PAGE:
Mergers & Acquisitions may slow down in the second half
Slowdown in M&As predicted
PwC has predicted that mergers and acquisitions worldwide in the mining sector are bound to slowdown in the second half of the year due to jittery markets. Global equity markets are melting down due to economic slowdown and will put downward pressure on most of the mining companies’ valuations for the near term. The statement is true not only for mining companies, but for all companies in all sectors. The deal values have declined by 32% in July and 25% in August this year. In the first half of 2011, 1379 deals amounting to $71 billion were announced. This was an increase of 24% in volume and 2% by value over the corresponding period of the previous year. The average deal values during the first half of 2011 increased by 40% over the corresponding period of the previous year to $104 million. US companies accounted for 31% of the value and led the M&A market. It was followed by Canada with 19%, China 7% and India less than one per cent. Deals involving minerals like coking coal and iron ore made up over 30% of the transactions in the first half of 2011. Coal topped gold as the most sought after resource by aggregate deal value.
Tech M&As double
E&Y valued global tech M&As in April-June 2011 at $52 billion. It was nearly double the deal value over the first quarter. It was 69% higher than the figure of $30.8 billion in the corresponding period of the previous year. The increase was powered by innovation in areas such as cloud computing, smart mobility, Internet and mobile video, the smart grid and solar energy. Top ten deals accounted for 61% of all disclosed value. E&Y has predicted that this year will continue to be a strong year for technology M&As but has cautioned against geopolitical unrest, global debt issues and other factors.
New takeover code by SEBI in India
In India, the new takeover code introduced by SEBI is its way of pushing India Inc to the international arena in the M&A space. The new takeover code of SEBI more or less conforms to global practices. For example, the initial threshold limit for the acquirer has been raised from 15% to 25% of the voting capital of the target company. In fact, in other countries like Britain, Singapore, Hong Kong and EU, the limit is still higher at 30%-35%. With the new guidelines in force, the M&As landscape in India is bound to change and may witness increased activity. But there are still issues to tackle. The word ‘control’ may remain a sticky issue in M&As. SEBI has stuck to the definition of control despite takeover committee’s advice.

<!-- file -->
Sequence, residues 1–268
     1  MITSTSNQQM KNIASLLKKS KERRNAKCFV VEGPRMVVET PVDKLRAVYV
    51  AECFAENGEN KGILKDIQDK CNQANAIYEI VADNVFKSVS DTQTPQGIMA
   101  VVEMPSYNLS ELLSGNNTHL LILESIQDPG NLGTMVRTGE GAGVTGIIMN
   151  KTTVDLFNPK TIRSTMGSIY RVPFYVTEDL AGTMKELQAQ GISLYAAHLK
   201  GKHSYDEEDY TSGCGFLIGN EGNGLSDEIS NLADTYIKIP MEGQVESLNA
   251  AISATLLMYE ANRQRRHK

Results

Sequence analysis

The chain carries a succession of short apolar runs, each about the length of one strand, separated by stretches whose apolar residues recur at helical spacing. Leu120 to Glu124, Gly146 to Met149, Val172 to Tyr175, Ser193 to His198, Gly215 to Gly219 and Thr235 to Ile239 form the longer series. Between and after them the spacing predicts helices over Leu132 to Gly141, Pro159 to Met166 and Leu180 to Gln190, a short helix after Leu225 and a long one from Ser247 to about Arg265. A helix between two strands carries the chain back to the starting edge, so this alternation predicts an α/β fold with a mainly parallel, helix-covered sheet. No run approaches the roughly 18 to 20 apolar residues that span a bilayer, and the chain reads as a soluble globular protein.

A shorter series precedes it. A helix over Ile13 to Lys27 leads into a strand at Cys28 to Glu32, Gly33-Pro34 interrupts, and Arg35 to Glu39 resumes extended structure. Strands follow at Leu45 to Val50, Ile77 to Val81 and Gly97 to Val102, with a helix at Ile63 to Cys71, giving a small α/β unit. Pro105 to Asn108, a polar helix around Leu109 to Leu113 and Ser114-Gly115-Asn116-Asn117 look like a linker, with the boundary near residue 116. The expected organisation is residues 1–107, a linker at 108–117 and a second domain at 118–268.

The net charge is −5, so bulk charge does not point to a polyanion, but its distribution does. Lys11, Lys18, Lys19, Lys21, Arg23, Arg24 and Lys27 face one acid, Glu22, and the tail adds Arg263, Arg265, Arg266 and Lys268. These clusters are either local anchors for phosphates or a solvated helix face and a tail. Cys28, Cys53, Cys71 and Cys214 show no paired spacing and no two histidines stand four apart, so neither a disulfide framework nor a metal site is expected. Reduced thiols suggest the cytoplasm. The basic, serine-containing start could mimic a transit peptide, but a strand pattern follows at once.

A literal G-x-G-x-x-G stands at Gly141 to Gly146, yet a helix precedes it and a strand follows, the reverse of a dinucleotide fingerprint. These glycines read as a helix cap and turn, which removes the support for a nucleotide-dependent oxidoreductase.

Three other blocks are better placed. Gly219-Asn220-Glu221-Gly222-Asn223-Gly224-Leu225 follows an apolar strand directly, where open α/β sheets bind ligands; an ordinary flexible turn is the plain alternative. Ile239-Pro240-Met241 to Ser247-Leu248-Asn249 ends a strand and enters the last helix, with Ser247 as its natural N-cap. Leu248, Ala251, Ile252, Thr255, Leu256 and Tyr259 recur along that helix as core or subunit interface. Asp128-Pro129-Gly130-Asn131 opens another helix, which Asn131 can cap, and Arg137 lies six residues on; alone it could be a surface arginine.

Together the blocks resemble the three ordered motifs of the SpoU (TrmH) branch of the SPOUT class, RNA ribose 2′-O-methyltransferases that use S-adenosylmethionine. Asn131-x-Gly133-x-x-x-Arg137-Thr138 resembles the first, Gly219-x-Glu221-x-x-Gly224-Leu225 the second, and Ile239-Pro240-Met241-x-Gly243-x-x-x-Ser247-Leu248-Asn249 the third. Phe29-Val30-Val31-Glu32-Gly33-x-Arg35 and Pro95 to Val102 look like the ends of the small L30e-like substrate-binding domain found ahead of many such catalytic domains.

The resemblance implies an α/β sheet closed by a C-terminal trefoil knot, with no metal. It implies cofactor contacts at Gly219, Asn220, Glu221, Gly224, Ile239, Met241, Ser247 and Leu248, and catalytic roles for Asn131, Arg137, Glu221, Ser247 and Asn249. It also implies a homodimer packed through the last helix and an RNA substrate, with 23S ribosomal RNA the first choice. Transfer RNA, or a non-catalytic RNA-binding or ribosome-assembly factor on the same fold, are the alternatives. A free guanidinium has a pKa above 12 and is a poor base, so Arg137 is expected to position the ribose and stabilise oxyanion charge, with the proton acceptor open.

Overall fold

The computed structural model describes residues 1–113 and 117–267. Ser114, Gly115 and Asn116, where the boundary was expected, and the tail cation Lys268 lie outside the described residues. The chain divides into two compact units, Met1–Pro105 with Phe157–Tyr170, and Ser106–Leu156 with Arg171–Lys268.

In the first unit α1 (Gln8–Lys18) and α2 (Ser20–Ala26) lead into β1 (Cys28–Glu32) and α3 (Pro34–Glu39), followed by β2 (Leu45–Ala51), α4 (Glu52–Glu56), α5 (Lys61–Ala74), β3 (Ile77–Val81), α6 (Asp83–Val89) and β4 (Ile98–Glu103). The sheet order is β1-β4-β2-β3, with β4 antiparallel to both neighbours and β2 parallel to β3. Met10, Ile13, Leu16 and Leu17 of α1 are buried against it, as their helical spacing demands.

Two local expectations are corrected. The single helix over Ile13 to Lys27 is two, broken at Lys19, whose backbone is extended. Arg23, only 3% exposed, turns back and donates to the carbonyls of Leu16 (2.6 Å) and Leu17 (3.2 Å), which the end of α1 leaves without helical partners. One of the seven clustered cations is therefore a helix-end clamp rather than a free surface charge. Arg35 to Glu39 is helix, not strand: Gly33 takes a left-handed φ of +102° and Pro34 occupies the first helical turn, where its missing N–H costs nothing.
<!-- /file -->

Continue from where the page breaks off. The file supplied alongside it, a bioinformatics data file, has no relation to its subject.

IT sector witnesses maximum deals in India
In India, IT, microfinance and real estate sectors form 52% of M&As in June-July. There were 68 deals in this period. International deals contributed 54.4% of M&A activity while domestic market accounted for 20.6%. Percentage of foreign companies that acquired Indian firms comprised only 7.4% of the total activity. IT sector witnessed the maximum of 18 deals. In the real estate sector, five international deals were signed in the US. Important deals were EXL Service Holdings acquiring Outsource Partners, Northern Trust acquiring Bank of Ireland Securities Services and IDBI acquiring Universal Commodity Exchange, Vodafone acquiring 22% stake in Essar Communications for $3.32 billion and ICICI acquiring a stake in GTL.
Johnson & Johnson, a cash rich company
In the international level, the majority of the deals struck in the first half of the year have been by strategic buyers looking to augment existing businesses. Johnson & Johnson acquired Synthes for $20.8 billion to expand its presence in the increasingly lucrative medical devices sector. Only cash rich companies can afford such an acquisition. Johnson & Johnson has low debt and $28 billion in cash. In the investor interest, experts are urging for disclosure of M&A value. But some others say that such strategic information must be shared at a later stage to avoid competitors preying. Recently Reliance group acquired 74% stake in Bharti AXA Life Insurance and Bharti AXA General Insurance. But it did not disclose the deal value. Hero Honda also did not make public the deal value when its Japanese partner Honda exited from the venture.
Undue delay in approval should be avoided
SEBI’s endeavour was to guard against monopoly. The principle behind the move is right. But the problem is that it should not get stuck in bureaucratic delays. The 180-day limit set by the CCI to evaluate such M&A cases is too long and time consuming.